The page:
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Pat McCreery of Nyes Automotive has three Rottler CNC machines – the HP6 hone, F68A  4-axis CNC block machine, and he just recently purchased the P69, which is a 5-axis cylinder head porting machine. Although he had no experience with CNC when he bought his first machine a couple of years ago, he says Rottler provided all of the necessary training for him to get up and running very quickly.

“When we bought the F68 about 2 ½ years ago, I had zero CNC machining experience – none. My brother had a little experience with one at another shop but it wasn’t much. Rottler’s claim is that they can take anyone with little or no experience on a CNC and have him doing it in no time. That was the case with us, and in my opinion they lived up to their claims.”

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McCreery says you don’t have to have that much experience but you have to be reasonably computer literate to begin with to learn to operate a CNC. “You really have to be comfortable with both computers and machining. I think if you took a ‘greenhorn’ and stuck him on a CNC you’d have trouble. You have to have a pretty good understanding of machining. I think the best guys are the ones who learned on conventional machines and may have even struggled with them for a while but understand the hard part of it now.”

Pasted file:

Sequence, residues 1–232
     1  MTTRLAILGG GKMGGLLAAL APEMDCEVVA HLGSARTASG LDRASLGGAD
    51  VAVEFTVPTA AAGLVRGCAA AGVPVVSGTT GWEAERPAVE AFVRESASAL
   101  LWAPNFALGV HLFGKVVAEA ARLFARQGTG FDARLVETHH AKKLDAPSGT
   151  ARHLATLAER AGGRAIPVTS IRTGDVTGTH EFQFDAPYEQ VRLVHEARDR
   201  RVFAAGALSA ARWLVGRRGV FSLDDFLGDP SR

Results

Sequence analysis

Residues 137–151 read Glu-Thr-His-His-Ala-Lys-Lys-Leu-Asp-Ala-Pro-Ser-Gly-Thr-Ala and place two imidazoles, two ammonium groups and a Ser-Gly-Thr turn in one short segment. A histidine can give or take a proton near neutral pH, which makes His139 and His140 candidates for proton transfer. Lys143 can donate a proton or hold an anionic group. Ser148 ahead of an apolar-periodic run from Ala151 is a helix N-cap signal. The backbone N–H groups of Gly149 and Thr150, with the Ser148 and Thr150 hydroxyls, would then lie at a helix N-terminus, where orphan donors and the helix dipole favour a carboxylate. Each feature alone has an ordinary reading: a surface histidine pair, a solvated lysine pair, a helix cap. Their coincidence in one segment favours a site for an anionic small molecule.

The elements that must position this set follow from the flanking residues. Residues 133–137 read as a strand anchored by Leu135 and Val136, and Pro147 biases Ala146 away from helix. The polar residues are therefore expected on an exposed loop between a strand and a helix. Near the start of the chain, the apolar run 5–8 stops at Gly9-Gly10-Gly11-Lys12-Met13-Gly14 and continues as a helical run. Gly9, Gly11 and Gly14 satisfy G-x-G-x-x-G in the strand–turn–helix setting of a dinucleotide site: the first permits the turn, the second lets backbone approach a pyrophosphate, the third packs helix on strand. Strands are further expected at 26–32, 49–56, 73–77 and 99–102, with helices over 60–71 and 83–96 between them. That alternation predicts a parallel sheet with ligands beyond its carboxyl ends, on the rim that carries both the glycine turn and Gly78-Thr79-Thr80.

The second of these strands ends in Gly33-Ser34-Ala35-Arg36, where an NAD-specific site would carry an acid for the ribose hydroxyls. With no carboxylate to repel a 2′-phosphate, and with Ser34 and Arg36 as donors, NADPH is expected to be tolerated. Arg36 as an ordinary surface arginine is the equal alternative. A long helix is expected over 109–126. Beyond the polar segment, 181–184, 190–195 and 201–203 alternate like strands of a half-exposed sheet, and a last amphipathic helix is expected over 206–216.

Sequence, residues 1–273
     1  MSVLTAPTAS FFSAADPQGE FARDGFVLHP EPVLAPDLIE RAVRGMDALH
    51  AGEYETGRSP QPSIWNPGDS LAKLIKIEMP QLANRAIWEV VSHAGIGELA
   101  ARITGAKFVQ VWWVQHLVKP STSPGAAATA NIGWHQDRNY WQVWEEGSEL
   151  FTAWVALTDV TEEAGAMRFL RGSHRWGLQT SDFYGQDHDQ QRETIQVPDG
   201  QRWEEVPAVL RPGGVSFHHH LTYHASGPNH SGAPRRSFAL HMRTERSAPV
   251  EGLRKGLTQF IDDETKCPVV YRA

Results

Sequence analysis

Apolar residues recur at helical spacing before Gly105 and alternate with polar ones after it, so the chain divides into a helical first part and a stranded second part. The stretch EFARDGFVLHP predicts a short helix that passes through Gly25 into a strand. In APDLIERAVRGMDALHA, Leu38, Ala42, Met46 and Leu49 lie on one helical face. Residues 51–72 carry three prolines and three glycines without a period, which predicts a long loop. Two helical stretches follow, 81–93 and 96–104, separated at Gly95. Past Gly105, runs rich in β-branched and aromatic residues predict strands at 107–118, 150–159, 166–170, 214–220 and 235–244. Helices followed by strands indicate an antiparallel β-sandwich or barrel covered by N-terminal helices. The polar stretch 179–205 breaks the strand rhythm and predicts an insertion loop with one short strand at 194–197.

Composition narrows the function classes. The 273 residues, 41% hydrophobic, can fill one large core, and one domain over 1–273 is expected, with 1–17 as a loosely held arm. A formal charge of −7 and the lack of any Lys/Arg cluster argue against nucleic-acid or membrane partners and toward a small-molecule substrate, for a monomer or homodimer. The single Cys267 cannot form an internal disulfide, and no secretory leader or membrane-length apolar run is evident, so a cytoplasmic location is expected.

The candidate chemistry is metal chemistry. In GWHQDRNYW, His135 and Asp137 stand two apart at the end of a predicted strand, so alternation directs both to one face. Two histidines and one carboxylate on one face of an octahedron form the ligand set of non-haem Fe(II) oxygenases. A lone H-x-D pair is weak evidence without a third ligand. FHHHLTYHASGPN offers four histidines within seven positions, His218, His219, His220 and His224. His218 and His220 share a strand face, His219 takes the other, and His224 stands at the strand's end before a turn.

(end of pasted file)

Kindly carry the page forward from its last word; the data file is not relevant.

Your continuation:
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McCreery says that Nyes is the only shop around his part of Indiana that can do all of the things they do. “There’s a lot more we can do now with the CNC machines, and we can bring it all in-house and have more control over the quality of the product. We take a lot of brand new blocks and do several different machining steps on them. A DT466 is about the biggest engine we can do in any of our equipment. We also do a lot of Cummins blocks, the extreme side of the B-series engines and a lot of big block Chevy stuff. We’re also doing our own heads now.”